Preserving an imperiled culture
Ravaged by time and climate, Upper Mustang’s magnificent Buddhist artifacts were crumbling and monuments were in disrepair. In 1998, AHF began a project 600 years in the making. Season by season, using the same patience and skill as the original 15th-century artisans who created these masterworks, AHF's team of carpenters and wall painting conservators set to work bringing Mustang’s treasures back to life.
As more than a hundred Lobas were trained in the art and science of conservation, the temples of Mustang were slowly and steadily reborn: roofs skillfully replaced, twisted structures straightened, and from the soot, grime and varnish emerged astonishingly beautiful wall paintings. Half a millennium from their creation, AHF has helped pull these priceless treasures back from the brink. And as gompas came back to life, revealing their beauty and splendor, the Loba community began to take pride in their heritage, becoming the foundation of a thriving cultural renaissance.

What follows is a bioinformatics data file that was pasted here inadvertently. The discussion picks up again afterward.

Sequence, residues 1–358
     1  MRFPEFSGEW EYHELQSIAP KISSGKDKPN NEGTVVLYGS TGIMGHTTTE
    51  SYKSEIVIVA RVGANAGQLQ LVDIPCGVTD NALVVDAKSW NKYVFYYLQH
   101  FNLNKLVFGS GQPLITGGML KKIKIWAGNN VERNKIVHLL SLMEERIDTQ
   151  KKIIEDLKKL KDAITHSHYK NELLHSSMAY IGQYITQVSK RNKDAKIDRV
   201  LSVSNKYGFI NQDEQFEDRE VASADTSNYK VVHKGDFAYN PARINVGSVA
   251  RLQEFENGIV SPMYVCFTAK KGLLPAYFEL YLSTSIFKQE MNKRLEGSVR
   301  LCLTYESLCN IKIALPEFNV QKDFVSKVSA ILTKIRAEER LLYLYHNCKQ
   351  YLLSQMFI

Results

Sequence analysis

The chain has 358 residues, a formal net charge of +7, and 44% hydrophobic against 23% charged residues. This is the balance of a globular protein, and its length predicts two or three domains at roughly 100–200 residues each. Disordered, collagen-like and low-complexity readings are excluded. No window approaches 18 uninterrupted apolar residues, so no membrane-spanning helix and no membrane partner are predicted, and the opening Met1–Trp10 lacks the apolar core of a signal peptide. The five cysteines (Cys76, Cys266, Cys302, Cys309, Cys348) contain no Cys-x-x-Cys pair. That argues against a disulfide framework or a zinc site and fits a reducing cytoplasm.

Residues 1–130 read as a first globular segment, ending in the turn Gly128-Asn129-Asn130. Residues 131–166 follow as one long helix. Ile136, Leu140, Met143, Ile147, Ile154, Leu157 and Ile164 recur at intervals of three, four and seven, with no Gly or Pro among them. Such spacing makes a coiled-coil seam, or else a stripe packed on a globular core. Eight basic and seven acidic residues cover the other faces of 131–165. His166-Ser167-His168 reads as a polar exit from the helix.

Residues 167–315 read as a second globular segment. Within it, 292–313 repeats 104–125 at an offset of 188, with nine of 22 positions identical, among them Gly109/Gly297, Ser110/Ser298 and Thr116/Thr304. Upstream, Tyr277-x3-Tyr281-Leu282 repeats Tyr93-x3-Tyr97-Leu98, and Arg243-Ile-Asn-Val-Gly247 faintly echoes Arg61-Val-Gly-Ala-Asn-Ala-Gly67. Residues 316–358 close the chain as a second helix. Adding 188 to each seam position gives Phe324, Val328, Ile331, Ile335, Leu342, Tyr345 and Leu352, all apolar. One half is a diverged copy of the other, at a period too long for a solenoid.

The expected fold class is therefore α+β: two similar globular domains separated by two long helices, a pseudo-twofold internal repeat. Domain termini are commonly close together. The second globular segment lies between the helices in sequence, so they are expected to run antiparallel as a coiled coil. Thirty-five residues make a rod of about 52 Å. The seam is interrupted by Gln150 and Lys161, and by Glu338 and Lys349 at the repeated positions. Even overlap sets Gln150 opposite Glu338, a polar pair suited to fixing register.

Our commitment to preserving the ancient Tibetan Buddhist culture of Mustang isn’t limited to restoring sacred art and architecture—the gompas are only fully revived when they are filled with living practitioners. At the time, Mustang’s largest monastery had but a dozen students, no secular teacher or instruction, and the students, monk teachers, and elder monks lived in wretched conditions. Today, Lo Monastic School has 80 students, a full curriculum, and a sterling reputation.
AHF supports several schools for both monks and nuns, keeping centuries of tradition alive and well by nurturing new generations of Buddhist scholars. Monks and nuns are again asked to perform household and community prayers and can be seen constructing sand mandalas or carrying religious texts through the fields while chanting prayers for a bountiful harvest. And the long forgotten rain ceremony and festivals like Tiji and Yartung have been revitalized and are now regular events.